The construction of the castle was ordered by King Václav IV. In 1411, and since 1412 there are records of the king's residence at the castle. In 1419 the king died here, and in 1421 after the conquest and subsequent burning by the Prague Hussite army, the New Castle also disappeared. New Castle (Kunratice) The castle had no long duration, the most important fact of its history was the death of Václav IV. August 16, 1419. He died here for a heart attack and, according to chronicles, he "rocked almost to the ground with roar". In mid-December 1420 the castle was besieged by the Pragues. On January 27, 1421, he was finally captured and devastated. No ruler showed any interest in restoring it. The remnants of the stone walls were later partially dismantled on surrounding buildings. From 1735 until the end of the 18th century, however, it was in the ruins of the chapel of St. Jana Nepomucký. At the end of the 19th century the castle was compared to the ground to the level of the cellars, because the walls were unstable and dangerous for the children who came here to play. There were also quarries on the slate.
In connection with research into the history of the Hussite movement, an archaeological survey of the National Museum was carried out in the 1950s. The result was the relocation of the stone fireplace ledge into the collections of the Lapidarium of the National Museum in Prague (where the missing parts were reconstructed and since 1958 it is exposed in a permanent exhibition). In addition, a collection of archaeological finds from the end of the 14th to the 15th centuries has been collected, especially ceramics and metals, including darts and axes from the period of the conquest of the castle. The history of the conquest of the castle was described by Zoroslava Drobná.
From 1934 through the ruins, the route of the annual cross-country course, Great Kunratická, passes through. The exit from the Kunratice Brook to Hrádek (as it is known among the racers and organizers of the New Castle) is the hardest and the most feared, but for many competitors the most attractive place in the whole race.
Near Metro C (Red Line) - I. P. Pavlova
Michna's Summerhouse in the New Town, now houses a museum of composer Antonín Dvořák. In Villa Amerika, you will be charmed not only by its late Baroque architecture, but also by nice chamber exhibition of music manuscripts and personal belongings of the famous composer Antonin Dvorak. If you admire Antonin Dvorak´s music, don´t miss chamber operatic concerts of Dvorak´s music held in the nice little concert hall of the museum!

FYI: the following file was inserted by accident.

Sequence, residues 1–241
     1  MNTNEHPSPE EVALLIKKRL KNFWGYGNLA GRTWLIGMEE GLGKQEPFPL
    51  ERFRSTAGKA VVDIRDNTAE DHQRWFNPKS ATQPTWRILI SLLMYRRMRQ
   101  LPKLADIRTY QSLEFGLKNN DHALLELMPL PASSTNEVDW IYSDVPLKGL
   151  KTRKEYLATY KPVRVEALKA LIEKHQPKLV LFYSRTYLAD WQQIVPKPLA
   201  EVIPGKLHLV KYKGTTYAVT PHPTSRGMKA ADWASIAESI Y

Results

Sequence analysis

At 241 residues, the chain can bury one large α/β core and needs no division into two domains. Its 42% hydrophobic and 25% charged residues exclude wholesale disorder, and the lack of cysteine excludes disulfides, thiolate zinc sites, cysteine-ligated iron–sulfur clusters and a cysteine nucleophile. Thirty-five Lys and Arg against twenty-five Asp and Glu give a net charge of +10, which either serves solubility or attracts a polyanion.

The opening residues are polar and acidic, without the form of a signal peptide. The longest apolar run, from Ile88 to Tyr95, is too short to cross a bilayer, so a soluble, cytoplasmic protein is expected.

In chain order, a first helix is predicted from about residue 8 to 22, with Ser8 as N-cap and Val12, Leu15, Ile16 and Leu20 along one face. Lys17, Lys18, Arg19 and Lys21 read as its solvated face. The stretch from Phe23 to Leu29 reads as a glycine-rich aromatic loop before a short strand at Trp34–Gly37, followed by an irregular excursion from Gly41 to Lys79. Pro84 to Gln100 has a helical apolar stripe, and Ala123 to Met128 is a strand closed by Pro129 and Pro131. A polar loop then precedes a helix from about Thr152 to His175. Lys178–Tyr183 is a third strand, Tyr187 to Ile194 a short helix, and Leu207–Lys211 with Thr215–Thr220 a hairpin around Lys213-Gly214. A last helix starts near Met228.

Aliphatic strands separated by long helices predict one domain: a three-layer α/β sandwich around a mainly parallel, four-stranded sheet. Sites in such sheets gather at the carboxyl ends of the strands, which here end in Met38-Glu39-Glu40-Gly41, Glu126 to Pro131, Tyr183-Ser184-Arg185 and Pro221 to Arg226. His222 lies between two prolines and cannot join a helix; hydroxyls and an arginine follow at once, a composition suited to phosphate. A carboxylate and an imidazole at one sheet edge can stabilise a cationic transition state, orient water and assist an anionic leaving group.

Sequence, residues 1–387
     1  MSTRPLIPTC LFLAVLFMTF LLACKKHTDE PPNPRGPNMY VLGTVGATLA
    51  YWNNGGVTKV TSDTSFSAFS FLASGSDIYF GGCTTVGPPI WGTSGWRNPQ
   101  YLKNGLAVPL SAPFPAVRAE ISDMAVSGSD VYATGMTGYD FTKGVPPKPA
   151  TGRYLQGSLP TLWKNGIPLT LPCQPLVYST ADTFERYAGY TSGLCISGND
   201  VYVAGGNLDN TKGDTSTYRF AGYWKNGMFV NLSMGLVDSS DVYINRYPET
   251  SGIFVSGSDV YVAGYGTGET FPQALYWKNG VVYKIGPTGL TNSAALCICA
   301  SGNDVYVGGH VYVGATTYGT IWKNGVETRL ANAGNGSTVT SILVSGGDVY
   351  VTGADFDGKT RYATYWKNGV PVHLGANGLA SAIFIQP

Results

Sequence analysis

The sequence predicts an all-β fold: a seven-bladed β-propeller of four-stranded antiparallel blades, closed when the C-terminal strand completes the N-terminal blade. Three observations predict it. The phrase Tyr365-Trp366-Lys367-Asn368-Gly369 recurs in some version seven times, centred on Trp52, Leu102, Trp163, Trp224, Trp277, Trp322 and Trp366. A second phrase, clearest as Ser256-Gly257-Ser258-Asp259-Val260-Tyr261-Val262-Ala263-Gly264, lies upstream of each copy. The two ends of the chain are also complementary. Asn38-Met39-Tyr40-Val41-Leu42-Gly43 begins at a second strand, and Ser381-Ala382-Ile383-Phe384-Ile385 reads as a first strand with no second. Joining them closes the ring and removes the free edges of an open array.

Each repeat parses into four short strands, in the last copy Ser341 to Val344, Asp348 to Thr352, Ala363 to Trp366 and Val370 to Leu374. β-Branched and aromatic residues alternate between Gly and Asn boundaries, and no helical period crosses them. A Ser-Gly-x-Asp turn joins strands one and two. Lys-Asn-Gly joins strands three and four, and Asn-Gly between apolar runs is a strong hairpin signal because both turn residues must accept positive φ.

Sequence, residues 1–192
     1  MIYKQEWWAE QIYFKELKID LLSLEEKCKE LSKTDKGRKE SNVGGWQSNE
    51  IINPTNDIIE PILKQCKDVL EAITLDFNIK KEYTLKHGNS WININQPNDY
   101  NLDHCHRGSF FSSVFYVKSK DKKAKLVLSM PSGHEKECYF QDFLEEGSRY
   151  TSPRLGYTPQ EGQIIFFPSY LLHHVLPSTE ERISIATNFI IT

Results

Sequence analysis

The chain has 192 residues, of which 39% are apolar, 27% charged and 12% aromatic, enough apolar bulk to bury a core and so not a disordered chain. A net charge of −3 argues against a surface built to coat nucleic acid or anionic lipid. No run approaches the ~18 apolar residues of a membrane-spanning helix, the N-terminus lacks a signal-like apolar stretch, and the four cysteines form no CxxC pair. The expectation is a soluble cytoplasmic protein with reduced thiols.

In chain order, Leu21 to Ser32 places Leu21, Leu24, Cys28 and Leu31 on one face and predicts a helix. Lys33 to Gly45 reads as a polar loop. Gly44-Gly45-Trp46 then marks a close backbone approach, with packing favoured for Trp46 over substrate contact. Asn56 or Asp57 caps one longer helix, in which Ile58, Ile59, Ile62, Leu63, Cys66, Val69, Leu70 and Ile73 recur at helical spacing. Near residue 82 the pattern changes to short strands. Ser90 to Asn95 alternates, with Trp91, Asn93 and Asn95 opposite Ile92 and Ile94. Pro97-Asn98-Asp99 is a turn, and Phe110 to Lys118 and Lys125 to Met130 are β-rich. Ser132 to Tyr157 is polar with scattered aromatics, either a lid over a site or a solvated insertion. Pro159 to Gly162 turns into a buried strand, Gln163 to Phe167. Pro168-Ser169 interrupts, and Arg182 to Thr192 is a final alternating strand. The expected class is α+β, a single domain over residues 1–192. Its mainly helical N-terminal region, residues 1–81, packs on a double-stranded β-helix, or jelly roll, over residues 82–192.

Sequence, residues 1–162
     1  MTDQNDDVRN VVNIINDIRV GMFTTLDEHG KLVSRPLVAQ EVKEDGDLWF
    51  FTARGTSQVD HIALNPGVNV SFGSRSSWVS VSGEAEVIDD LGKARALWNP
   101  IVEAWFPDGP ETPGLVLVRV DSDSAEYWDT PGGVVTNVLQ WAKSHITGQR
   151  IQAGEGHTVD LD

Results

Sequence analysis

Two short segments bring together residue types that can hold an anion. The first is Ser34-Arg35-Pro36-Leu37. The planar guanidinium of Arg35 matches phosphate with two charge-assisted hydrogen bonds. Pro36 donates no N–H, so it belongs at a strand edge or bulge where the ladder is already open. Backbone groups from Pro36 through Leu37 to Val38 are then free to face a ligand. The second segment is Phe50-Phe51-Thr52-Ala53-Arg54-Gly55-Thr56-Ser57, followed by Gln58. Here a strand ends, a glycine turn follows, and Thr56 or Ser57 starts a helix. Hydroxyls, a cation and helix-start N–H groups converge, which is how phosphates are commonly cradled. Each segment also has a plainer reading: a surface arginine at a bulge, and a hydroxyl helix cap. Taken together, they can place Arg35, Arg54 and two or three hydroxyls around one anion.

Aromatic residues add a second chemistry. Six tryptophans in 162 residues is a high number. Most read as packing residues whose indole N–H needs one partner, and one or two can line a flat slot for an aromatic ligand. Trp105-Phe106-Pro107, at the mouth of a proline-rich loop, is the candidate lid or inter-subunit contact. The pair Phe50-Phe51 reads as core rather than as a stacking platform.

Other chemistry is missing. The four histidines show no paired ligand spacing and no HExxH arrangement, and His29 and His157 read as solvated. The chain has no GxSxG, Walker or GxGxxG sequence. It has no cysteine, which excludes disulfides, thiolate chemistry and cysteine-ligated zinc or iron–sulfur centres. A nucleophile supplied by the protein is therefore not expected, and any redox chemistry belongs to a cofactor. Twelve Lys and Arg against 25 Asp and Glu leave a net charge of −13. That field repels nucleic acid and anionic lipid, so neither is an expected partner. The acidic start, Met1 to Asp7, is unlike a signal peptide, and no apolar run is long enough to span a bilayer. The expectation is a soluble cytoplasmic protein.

Villa Amerika was built in 1720 as a summer palace for a Prague nobleman Jan Vaclav, Count Michna from Vacinov. A strong structure of the building and its fine decorations reflect the French style of the era, while its small scale, elegance and intimacy already announce future Rococo ideas. The villa is named after the restaurant "Amerika" set up here in 1826. In mid-19th century The City of Prague bought the villa, which served gradually to different purposes, until finally after the WWII the Antonin Dvorak Museum was settled here. Nowadays, this permanent exhibition gives details of Dvorak´s personal life and work, as well as his concert and educational activities. The Museum also houses a unique collection of sheet music manuscripts and correspondence. In a small shop you can buy various souvenirs, printed sheet music and numerous recordings of Dvorak´s compositions.
Chodovská vodní tvrz or Chodov Fort, is a round building which now serves as a cultural center, and includes a gallery and a small recital room. The Chodov water fort dates back to 1185, when it was owned by the Vyšehrad Chapter. In the 19th century neo-classical arcades were added, and the north tower was demolished.
Chodov (Czech pronunciation: [ˈxodof]) is a suburb of Prague in the Czech Republic. It lies in the south-east of the city, and became part of the Prague municipality in 1968. In terms of the Prague districts defined in 1960, it lay in administrative district 4, and its postal address is still Prague 4. However, since 2001 it has been placed in the administrative district Prague 11; within that, it lies in the Prague 11 municipal district. It has a Metro station, on the C line.
Český Krumlov Castle
Český Krumlov Castle is a Museum located in the city Český Krumlov in the Czech Republic. It dates back to 1240 when the first castle was built by the Witigonen family, the main branch of the powerful Rosenberg family.
By the 17th century the Rosenbergs had died out, and Holy Roman Emperor Ferdinand II gave the dominion of Krumau to Hans Ulrich von Eggenberg, naming him Duke of Krumau. After the death of Hans Ulrich's son, Johann Anton I von Eggenberg, the castle was administered for the period between 1649 and 1664 by his widow, Anna Maria.
One of her two sons, Johann Christian I von Eggenberg, was responsible for the Baroque renovations and expansions to the castle, including the castle theater now called the Eggenberg Theater. When the male line of the Eggenbergs died out in 1717, the castle and duchy passed into the possession of the Schwarzenbergs. In 1947, the Schwarzenberg property, including Český Krumlov, was transferred to the Czech provincial properties and in 1950 it became the property of the Czechoslovakian State. The entire area was declared a national monument in 1989 and in 1992 it was added to the UNESCO World Heritage List.